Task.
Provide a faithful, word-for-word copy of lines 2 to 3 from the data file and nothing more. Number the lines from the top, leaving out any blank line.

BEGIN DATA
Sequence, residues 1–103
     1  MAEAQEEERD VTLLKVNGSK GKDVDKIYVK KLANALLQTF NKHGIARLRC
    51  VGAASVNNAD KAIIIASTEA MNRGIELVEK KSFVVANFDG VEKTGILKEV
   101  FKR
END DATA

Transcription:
     1  MAEAQEEERD VTLLKVNGSK GKDVDKIYVK KLANALLQTF NKHGIARLRC
    51  VGAASVNNAD KAIIIASTEA MNRGIELVEK KSFVVANFDG VEKTGILKEV